You can check your current usage of the LSA public allocations at any point in time, to determine if you are under the usage limits, by running the following command:
Only running jobs count against the usage limits; jobs which are idle or on hold do not count against the usage limits.
lsa_flux can use up to 24 cores or up to 96 GB of memory across all of their running jobs at any point in time. When there are cores and/or memory that are idle (that is, not being used by other users), then these limits are increased to 36 cores and 144 GB of memory.
Additionally, individual users are restricted to having no more than 4 core*months (2,880 core*hours) worth of jobs running at any one time. This limit is calculated by summing the product of the remaining walltime and number of cores for all of a given users’ running jobs, as shown by the command “
showq -r -u $USER"). 4 core*months are sufficient to run a 4 core job for 28 days, a 8 core job for 15 days, a 16 core job for 7 days, and many other combinations.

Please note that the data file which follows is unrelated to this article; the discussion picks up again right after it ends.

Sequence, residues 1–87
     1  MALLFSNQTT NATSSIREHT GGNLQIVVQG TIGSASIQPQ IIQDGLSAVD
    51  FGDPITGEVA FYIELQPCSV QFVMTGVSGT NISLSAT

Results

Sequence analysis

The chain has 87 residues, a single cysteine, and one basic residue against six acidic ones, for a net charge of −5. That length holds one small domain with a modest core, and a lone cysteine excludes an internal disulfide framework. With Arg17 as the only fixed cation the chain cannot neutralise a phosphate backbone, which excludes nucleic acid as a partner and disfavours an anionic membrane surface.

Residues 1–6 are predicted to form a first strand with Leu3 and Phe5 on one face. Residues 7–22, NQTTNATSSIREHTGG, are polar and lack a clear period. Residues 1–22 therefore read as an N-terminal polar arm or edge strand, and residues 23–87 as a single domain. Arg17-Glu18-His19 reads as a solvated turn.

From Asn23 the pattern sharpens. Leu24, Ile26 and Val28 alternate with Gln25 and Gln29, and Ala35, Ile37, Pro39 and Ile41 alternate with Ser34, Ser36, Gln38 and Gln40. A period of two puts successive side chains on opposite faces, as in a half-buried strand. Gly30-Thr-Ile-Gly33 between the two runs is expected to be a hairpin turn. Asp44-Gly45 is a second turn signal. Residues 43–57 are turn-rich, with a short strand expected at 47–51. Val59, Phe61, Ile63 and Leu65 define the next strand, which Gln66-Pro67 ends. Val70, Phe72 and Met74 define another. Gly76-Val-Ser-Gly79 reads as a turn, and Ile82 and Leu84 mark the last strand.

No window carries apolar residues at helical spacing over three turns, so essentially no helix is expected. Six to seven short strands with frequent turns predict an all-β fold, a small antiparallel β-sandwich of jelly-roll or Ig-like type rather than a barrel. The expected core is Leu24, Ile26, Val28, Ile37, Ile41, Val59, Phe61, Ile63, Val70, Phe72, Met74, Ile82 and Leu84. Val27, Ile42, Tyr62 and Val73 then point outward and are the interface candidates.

Important note: if a single job requests more than 24 cores or 96 GB memory when
lsa_flux is busy (but less than 36 cores / 144 GB), then this job will not start to run until
lsa_flux becomes “not busy”, which could take days, weeks, or even longer. To avoid this, check to see if
lsa_flux is “busy” before submitting a job that is larger than 24 cores / 96 GB by running the following command:
freealloc reports that more cores and more memory are available than you will be requesting in your job, then
lsa_flux is not busy and you can request more than 24 cores / 96 GB without having your job start time be delayed.
The requested walltime for each job under
lsa_fluxm must be no more than 1 week (168 hours). This permits a single researcher to use the full
lsa_fluxm allocation (all 40 cores / 1 TB RAM) in a single job, but it can also result in very long waits for jobs to start. Researchers who need jobs to start more quickly should either purchase their own Large Memory Flux allocation, use
lsa_flux (if they need 96 GB RAM or less), or use XSEDE.
lsa_fluxm is restricted to jobs that require more memory or more cores per node than is possible under
Each user of
lsa_fluxg can run one job at a time, using a single GPU, up to 2 cores, and up to 8 GB RAM for a maximum of three days (72 hours). Use of
lsa_fluxg is restricted to jobs that make use of a GPU.
Run the command “
mdiag -u your-uniqname-here” on a Flux login node. If you see the LSA public allocation names as a part of